From the presentation slides:

Suppose you want to add bulk methods to Stack<E>

void pushAll(Collection<? extends E> src);

– src is an E producer

void popAll(Collection<? super E> dst);

– dst is an E consumer

  • I've read Bloch's book, but I still can't see the difference between extends and super in this particular case. – Pablo Fernandez Oct 31 '08 at 13:18
  • Watch the video, I think it's pretty clear. Also, I think you should ask another question on this "what's the difference between List<? extends T> and List<? super T>" where you will hopefully get more answers. (if you do, add a link from here) – blank Oct 31 '08 at 17:35
  • 2
    Beds--why not include the example in this answer to make it complete and stand alone. Links are ephemeral. – James Schek Oct 31 '08 at 21:40
3

There may be times when you'll want to restrict the kinds of types that are allowed to be passed to a type parameter. For example, a method that operates on numbers might only want to accept instances of Number or its subclasses. This is what bounded type parameters are for.

Collection<? extends MyObject> 

means that it can accept all object who have IS- A relationship with MyObject (i.e. any object which is a type of myObject or we can say any object of any subclass of MyObject) or a object of MyObject class.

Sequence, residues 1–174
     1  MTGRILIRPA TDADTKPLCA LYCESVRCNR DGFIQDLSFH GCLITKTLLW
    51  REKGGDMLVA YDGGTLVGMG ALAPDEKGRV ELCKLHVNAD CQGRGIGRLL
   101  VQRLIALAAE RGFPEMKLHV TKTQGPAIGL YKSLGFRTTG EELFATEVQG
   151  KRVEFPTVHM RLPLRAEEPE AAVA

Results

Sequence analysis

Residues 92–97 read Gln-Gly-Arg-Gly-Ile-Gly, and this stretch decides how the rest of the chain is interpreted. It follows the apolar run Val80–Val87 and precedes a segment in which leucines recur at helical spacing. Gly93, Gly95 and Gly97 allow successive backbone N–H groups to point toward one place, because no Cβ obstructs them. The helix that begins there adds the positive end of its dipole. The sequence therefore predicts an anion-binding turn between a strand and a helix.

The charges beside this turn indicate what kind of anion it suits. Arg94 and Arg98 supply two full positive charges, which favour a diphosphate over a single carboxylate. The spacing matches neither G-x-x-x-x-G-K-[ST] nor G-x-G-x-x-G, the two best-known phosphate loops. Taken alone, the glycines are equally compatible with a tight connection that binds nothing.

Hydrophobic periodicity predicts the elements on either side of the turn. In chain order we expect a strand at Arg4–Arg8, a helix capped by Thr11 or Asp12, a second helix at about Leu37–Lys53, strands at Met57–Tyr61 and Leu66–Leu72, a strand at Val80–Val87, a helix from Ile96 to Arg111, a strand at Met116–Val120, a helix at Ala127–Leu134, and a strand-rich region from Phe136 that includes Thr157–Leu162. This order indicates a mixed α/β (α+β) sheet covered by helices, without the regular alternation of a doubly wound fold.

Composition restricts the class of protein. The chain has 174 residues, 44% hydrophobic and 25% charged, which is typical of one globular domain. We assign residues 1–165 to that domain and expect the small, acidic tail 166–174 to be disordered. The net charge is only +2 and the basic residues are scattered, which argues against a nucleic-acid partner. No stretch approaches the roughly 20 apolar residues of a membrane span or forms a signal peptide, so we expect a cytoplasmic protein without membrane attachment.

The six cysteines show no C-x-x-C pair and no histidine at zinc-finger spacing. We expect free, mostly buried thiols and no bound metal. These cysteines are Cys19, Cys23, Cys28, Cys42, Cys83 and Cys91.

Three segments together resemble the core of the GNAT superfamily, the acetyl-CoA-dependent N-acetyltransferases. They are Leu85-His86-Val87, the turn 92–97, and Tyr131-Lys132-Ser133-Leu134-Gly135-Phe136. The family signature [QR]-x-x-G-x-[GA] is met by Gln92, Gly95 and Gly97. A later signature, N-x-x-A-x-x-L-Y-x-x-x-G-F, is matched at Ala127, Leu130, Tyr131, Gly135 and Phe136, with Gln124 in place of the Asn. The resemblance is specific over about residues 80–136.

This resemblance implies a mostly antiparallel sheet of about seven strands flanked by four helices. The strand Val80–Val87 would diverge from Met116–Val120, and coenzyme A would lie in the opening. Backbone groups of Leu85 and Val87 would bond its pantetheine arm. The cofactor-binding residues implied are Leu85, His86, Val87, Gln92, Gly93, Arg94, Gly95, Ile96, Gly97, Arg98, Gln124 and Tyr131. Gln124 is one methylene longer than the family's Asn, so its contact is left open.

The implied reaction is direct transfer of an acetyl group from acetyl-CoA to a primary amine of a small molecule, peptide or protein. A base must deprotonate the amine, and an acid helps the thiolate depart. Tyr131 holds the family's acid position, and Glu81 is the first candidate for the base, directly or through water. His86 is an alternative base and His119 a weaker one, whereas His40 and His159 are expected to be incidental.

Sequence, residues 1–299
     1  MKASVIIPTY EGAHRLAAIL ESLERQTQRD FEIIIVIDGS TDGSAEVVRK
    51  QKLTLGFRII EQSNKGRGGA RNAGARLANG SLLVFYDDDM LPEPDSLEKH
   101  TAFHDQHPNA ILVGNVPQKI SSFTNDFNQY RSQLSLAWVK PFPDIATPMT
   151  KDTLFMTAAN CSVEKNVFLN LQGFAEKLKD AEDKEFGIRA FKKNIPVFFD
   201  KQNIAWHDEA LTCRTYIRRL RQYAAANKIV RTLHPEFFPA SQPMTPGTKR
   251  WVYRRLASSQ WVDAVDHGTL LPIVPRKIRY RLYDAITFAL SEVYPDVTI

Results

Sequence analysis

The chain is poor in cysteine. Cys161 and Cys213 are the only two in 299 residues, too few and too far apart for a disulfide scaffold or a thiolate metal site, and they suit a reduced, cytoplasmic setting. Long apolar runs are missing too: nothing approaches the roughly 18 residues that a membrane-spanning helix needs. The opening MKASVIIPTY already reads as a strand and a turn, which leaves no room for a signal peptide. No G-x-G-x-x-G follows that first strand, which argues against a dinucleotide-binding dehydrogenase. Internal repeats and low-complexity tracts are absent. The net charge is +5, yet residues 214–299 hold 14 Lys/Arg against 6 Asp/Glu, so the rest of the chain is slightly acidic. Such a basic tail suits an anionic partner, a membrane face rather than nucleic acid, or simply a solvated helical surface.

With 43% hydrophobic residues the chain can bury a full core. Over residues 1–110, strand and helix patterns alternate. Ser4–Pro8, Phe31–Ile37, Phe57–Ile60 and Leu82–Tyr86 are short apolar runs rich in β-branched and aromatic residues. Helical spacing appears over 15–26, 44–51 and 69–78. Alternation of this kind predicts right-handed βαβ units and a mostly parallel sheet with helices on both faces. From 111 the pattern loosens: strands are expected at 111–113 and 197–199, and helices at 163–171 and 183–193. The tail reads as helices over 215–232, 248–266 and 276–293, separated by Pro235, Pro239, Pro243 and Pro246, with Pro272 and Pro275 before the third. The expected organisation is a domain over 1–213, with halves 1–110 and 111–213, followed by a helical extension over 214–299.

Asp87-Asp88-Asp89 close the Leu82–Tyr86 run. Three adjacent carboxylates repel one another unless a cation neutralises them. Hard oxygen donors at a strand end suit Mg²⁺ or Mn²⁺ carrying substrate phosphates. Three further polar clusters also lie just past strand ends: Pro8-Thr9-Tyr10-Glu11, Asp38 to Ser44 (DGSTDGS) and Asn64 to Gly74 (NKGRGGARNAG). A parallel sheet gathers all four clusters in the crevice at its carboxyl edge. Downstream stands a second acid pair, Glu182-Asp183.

For example:

class MyObject {}

class YourObject extends MyObject{}

class OurObject extends MyObject{}

Then,

Collection<? extends MyObject> myObject; 

will accept only MyObject or children of MyObject(i.e. any object of type OurObject or YourObject or MyObject, but not any object of superclass of MyObject).

1

In general,

If a structure contains elements with a type of the form ? extends E, we can get elements out of the structure, but we cannot put elements into the structure

List<Integer> ints = new ArrayList<Integer>();
ints.add(1);
ints.add(2);
List<? extends Number> nums = ints;
nums.add(3.14); // compile-time error
assert ints.toString().equals("[1, 2, 3.14]"); 

To put elements into the structure we need another kind of wildcard called Wildcards with super,

 List<Object> objs = Arrays.<Object>asList(2, 3.14, "four");
    List<Integer> ints = Arrays.asList(5, 6);
    Collections.copy(objs, ints);
    assert objs.toString().equals("[5, 6, four]");

    public static <T> void copy(List<? super T> dst, List<? extends T> src) {
          for (int i = 0; i < src.size(); i++) {
                dst.set(i, src.get(i));
         }
    }
1

Generic wildcards are created to make methods that operate on Collection more reusable.

For example, if a method has a parameter List<A>, we can only give List<A> to this method. It is a waste for this method's funtion under some circumstances:

  1. If this method only reads objects from List<A>, then we should be allowed to give List<A-sub> to this method. (Because A-sub IS a A)
  2. If this method only inserts objects to List<A>, then we should be allowed to give List<A-super> to this method. (Because A IS a A-super)